When the Raven Knocks

My title sounds a bit ominous, like Edgar Allen Poe’s doleful visitor tapping on a window, but have no fear. In my world, when the raven knocks, you should always answer!

As winter drags on down here in the city, only letterbox shaped views of the mountains are available most days, peeking out between the gunmetal clouds.

Those glimpses do serve to remind me that the mountains and the ravens are out there — and that I might get up to see them once a week or so. Many people head south for this gloomy part of the winter, but I’m always drawn to the snow rather than the sand.

Often we get up on the mountain and there’s only a matching letterbox view back out at the city through the same clouds …

… but every time it’s wonderful in some different way.

To hear a raven calling in the snow-hushed forest — that knock, knock, knock call, something between a tapping on hollow bamboo and water dropping into a still pool — that sound alone is worth getting out of bed early and stepping into long johns and winter woollies.

You can see the raven’s chilly morning breath in this video and, if you listen closely, hear a stream merrily running in the background.

We met this suave raven below in the forest on our last trip.  I like to think I “called” him or her. I have been practicing my raven calling, with mixed results. Usually they ignore me, but occasionally they do a U-turn in mid-flight, possibly to come see if something down below is dying and available for lunch.

But, back to the raven and the beautiful call.
Like a trained opera singer, the raven pours all kinds of skill and stamina into that effortless sounding “clock clock clock.”

Head thrown back for best possible vocal projection.

Nictitating membrane of the eye deployed, giving the impression that our performer is blocking out all distraction in order to produce the purest sound.

Throat expanded, presumably to make a hollow space from which to draw that echoing call. Magnificent feathery “cravat” sticking out in all directions.

Wings held out to the side and tail spread out — that horizontal line behind the raven is the tail, held out like a fan.

The virtuoso performance …


For more posts on the wonder of raven calls:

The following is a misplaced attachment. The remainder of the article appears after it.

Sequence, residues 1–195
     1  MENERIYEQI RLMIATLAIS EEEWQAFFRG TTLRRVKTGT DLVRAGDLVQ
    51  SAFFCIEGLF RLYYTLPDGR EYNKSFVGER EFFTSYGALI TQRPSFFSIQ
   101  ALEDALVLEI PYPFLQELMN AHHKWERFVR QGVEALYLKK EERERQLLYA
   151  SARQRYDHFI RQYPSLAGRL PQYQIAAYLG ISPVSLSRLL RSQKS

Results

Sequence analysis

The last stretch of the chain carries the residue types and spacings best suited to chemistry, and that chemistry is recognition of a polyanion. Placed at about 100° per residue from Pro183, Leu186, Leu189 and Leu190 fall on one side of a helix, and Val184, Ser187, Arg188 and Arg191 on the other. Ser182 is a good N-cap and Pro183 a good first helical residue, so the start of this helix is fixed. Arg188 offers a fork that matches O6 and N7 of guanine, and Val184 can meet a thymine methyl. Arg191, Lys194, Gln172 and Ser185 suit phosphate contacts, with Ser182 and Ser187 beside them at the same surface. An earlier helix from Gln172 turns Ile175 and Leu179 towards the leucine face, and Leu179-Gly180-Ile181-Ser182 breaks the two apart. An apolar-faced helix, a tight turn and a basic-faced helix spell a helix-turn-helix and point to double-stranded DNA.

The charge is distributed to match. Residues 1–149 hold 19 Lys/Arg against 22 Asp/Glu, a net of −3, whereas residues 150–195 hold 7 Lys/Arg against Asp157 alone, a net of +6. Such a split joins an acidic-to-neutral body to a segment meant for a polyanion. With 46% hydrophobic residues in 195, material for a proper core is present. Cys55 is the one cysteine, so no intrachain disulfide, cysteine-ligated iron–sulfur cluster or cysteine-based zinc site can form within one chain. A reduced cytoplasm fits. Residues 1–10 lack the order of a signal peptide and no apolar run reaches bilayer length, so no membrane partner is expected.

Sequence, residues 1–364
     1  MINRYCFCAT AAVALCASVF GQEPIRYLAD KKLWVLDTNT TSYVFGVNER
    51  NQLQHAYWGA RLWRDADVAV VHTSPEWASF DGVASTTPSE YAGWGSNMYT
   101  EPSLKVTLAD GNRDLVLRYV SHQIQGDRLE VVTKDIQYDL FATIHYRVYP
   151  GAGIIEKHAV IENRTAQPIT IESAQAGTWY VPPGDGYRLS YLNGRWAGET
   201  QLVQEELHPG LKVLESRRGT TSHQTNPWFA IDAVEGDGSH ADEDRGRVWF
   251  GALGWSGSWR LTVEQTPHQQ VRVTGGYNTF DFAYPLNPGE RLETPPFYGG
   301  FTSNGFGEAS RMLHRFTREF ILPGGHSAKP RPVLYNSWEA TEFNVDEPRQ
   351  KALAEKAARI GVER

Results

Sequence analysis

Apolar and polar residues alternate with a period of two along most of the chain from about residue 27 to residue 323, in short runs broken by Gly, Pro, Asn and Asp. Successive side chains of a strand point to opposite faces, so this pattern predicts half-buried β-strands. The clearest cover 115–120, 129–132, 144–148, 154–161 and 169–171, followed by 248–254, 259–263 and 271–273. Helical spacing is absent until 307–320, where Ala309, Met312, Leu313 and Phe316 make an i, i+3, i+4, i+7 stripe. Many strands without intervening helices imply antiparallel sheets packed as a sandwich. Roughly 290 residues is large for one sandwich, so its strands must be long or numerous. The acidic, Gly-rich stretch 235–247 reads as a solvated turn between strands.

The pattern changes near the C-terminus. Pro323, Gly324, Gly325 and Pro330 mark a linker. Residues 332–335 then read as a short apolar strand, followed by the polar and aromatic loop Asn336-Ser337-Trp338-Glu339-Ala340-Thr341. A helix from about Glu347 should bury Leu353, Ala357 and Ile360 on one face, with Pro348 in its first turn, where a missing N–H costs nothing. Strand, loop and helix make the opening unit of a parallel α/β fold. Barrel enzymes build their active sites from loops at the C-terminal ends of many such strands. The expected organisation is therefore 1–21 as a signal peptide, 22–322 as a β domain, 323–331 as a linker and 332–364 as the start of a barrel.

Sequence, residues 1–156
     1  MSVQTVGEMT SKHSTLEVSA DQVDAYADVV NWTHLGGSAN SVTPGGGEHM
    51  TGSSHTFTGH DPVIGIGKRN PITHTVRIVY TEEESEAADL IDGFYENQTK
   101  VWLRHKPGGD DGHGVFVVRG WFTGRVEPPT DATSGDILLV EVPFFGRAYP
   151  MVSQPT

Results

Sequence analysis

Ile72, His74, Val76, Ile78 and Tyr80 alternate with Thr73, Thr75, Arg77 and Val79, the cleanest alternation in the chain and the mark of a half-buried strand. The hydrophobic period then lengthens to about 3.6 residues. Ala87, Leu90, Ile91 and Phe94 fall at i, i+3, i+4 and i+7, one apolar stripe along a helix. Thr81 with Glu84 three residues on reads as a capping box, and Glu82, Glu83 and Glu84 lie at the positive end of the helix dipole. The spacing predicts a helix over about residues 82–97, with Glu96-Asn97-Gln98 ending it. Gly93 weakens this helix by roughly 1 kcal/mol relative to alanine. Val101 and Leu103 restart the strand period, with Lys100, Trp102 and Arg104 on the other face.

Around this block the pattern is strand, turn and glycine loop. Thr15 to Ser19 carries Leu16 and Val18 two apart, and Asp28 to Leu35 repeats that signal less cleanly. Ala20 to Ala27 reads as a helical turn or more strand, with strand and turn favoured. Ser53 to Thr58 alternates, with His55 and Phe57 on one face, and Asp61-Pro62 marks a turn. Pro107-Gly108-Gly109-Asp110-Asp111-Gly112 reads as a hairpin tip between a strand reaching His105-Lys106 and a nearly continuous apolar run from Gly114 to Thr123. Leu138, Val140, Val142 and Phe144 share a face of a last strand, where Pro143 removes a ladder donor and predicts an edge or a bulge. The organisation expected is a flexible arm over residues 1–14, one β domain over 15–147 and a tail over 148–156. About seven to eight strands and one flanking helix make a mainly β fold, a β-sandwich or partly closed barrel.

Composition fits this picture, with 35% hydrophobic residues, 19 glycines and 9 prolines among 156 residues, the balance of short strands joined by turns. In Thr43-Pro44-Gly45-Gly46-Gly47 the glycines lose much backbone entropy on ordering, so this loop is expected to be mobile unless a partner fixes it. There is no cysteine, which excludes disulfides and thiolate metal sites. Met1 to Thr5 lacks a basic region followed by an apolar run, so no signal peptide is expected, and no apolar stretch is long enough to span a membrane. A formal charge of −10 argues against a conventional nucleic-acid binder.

You might also enjoy:  Edgar Allen Poe and the Raven Mix-up



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12 thoughts on “When the Raven Knocks

  1. The raven call is such a unique sound — almost like a wooden temple bell. Your visual record of him/her producing this signature vocal is priceless. Thank you!

  2. I just love your pictures. I live in southern saskatchewan, canada and today is horribly cold temperature is minus 26 F. Lots of crows, ravens, magpies around this winter. I find trying to take pics of these wonderful birds is like the hardest thing. I live out in the rural area, and whenever I see crows etc, I always try to take pics, so far, i am only getting silhouettes of them. Eventually I will figure it out.

    • Thanks so much Edwin. It’s always harder to get close to these birds in rural areas where they are shyer of humans. Also, sometimes silhouettes are my favourite shots, reminding me of Arthur Rackham illustrations. Top tip for capturing details in these dark coloured birds is to over-expose the shot if possible. 😊

      • thanks for the comments on capturing details on the pics. Im currently using a nikon d500 & d780. My goto lens is a sigma 150mm-600mm and a nikon 70mm-300mm. A little bit of patience and hopefully I get the shots I want

  3. Such amazing photography and videography. How is it possible that your writing astounds me so very often?

    I am inspired by your posts and even considered leaving my cozy chair for a hike in the snow…

    I look forward to your next post!

    • Thanks so much Sandra — that’s very kind of you and do enjoy your hike in the snow. Wrap up warm if you’re going out this week though — cold snap coming here in the PNW and in many parts of the Canada and US. I always find I stay warm if I’m moving though and I have mittens with heat pads in to warm up my frozen fingers after stopping to take photos of ravens, ice on trees, Steller’s Jay, the dog and etc!

  4. Love this! I kept a Raven as a boy. Long story butI’m 60 now and learned to and do in fact speak to Ravens. I’m blessed to have them in my life every day. A pair nests here every year. At work there are several dozens on a daily basis and some days ,when the wind is right, they put on a show directly in front of me at eye level…Music in motion. One day Pink Floyd’s Us and Them was playing…It brought me to a standstill and I watched…and listened.. Nothing short of a truly magical experience.

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